Friday June 21, 2024

Unprecedented Indian terrorism in Occupied Kashmir

By Zafar Alam Sarwar
February 05, 2020

All people, Muslim or non-Muslim, have not closed eyes and ears to what happens in Rawalpindi-Islamabad, or elsewhere in the country, and the world. Never neglectful of daily chores, they do discuss events of the past and present in homes, offices, restaurants, shops and tea stalls. The arduous role of the print and electronic media and, of course, the radio in re-awakening the once-dormant masses cannot be underestimated in any sense.

What seizes the attention of the common man, besides the soaring food prices, is the curiosity of teen-agers to know what the Kashmir Solidarity Day means and what has so far happened in the Jammu and Kashmir forcibly occupied by India.

The Kashmiri families reminisce how their elders escaped with their men, women and children the carnage in Jammu and Kashmir held by India soon after the 1947 Partition.

So, it’s not difficult to trace a grandmother and a grandfather, and gather from them some relevant information and eye-witness account.

The Day of Solidarity is observed on February 5 every year to exhibit unflinching support to Kashmiris who have been struggling to emancipate themselves from the Indian yoke for about seven decades. One may recall the 2002 historic event when the people of the world watched on their mini-screens a grand show of chain of humans in Pakistan, Azad Kashmir and Northern Areas.

The theme of the day was ‘Justice without Discrimination and the Right to Self-Determination.’ The aim, as it is today, was to pass on the real message to international community with a clear objective of peaceful resolution of the long-standing core issue. The nation’s commitment to the cause of the oppressed people of Kashmir was well projected, and the spirit of fraternity continues to prevail with full vigour. The day dawns with special prayers for the 90,000 men, women and children of the Occupied Jammu and Kashmir who have sacrificed their lives to-date, success of the ongoing freedom struggle and solidarity with the Kashmiri masses.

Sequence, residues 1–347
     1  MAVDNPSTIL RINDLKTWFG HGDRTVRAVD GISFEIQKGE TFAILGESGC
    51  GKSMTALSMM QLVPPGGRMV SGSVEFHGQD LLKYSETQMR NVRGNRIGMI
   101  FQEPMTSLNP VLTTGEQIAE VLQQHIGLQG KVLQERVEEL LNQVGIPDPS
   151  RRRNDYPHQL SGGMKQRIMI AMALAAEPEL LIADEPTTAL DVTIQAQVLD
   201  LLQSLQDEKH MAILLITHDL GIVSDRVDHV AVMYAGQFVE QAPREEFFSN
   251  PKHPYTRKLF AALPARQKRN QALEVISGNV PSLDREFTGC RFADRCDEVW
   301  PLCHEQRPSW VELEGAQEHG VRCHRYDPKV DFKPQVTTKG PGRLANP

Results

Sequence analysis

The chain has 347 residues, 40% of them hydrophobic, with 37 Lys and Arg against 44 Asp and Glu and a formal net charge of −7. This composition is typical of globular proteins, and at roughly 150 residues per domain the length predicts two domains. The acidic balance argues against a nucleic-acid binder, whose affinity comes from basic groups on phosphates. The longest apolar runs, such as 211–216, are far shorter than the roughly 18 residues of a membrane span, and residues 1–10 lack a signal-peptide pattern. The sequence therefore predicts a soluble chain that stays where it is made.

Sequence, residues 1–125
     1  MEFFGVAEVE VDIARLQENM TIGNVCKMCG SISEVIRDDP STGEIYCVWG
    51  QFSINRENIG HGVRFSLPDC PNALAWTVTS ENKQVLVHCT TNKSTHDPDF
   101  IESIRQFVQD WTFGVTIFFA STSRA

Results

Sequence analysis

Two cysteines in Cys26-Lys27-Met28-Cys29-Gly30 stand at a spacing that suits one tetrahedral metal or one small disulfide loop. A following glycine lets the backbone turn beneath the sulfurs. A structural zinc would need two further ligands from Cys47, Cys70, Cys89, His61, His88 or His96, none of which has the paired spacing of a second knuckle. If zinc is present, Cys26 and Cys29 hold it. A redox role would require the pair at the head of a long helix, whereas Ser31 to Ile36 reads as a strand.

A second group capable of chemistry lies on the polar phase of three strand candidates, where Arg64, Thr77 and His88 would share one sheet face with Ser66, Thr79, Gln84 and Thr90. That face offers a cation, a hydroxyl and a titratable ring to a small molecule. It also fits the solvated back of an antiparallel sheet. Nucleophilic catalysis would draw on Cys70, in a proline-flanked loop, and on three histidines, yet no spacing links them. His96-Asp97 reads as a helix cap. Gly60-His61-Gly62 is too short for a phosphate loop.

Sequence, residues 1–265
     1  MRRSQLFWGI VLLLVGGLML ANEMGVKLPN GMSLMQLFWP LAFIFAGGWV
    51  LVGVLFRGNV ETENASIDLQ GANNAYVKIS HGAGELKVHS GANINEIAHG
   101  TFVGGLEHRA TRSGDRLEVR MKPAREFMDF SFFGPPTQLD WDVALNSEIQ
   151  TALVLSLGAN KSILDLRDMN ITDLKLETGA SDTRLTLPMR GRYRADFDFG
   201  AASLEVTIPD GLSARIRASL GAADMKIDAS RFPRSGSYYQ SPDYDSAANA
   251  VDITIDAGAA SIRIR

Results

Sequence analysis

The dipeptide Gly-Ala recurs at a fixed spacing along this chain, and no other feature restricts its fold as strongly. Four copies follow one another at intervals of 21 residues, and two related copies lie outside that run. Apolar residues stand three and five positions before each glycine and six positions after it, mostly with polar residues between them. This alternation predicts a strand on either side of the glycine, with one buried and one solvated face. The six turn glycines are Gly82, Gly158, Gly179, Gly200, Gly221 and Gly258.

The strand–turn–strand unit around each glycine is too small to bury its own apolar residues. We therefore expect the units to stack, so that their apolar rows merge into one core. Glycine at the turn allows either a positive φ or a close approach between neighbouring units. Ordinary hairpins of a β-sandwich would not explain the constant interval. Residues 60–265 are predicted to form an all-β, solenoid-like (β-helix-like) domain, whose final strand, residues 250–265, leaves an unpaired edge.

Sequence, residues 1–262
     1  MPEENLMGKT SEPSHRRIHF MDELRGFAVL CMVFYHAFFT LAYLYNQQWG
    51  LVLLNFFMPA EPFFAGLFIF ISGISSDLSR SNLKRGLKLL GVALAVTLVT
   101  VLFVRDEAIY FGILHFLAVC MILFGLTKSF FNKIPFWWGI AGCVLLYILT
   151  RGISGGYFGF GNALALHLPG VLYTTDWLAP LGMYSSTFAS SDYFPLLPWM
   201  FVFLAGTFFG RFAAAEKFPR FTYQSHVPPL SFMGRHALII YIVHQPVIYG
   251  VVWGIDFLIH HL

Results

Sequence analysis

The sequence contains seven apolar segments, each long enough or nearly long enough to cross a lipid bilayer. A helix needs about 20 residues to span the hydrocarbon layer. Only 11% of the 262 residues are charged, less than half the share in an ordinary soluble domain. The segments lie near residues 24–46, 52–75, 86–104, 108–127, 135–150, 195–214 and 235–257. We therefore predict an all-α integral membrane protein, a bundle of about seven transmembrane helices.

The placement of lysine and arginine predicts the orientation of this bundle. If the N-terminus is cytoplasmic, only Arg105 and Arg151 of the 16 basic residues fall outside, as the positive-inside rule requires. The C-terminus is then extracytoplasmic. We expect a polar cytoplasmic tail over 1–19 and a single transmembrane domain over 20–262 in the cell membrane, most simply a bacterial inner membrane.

The struggle, as elders recall, began with the liberation movement in the area now called Azad Kashmir and Gilgit-Baltistan in October 1947. In March 1948 Chaudhry Ghulam Abbas was freed from jail by Sheikh Abdullah and he migrated to Pakistan where he, first of all, met the Quaid-i-Azam Mohammad Ali Jinnah in Karachi and then, following a meeting with Sardar Muhammad Ibrahim Khan, chalked out a formula on the basis of which the latter was to continue as President and Chaudhry Ghulam Abbas to act as supreme head of the AJK government. The Kashmiri leader passed away in Rawalpindi on December18, 1967. The impact of the formula existed till 1970. The oppressed people are at the heart of the Kashmir issue, and it is their fate and future, which are at stake. Even assuming that the Kashmir dispute was settled at Simla, as India claims, it is worth pointing out that nothing in the international law confers on two parties the authority to make decisions or conclude agreements, which adversely affect the rights of a third party. Paragraph 15 of the United Nations Resolution, dated January 5, 1949, states clearly that “the question of the accession of the State of Jammu and Kashmir to India or Pakistan will be decided through the democratic method of a free and impartial plebiscite.” But, as former chief minister of the state Dr. Farooq Abdullah told a public meeting in Srinagar on July 13, 2004, the government of India has “illegally taken over control of the whole state of Jammu and Kashmir.” And India’s state terrorism has not relented in anyway until now, a migrant family disclosed to this scribe the other day.

Mirza Ghulam Ahmad and the late Barkat Ali’s son Ghulam Abbas have a harrowing tale. The violence sponsored by the Indian forces has destroyed the day-to-day life of the Kashmiri people. The ordinary person feels he is living in the midst of torture and terror. “Life and honour of a Kashmiri woman is not secure.” According to them, the farewell greeting has changed from “Khuda Hafiz” (God be with you) to “Sahi salamat lot aana” (return safe). “A youth walks in fear, fear of being named a suspect or militant, picked up, interrogated, tortured, and killed—-and, that’s not the end of Indian way of terrorism...the women live in fear of humiliation, harassment, molestation, rape—-gang-rape by Indian troops.”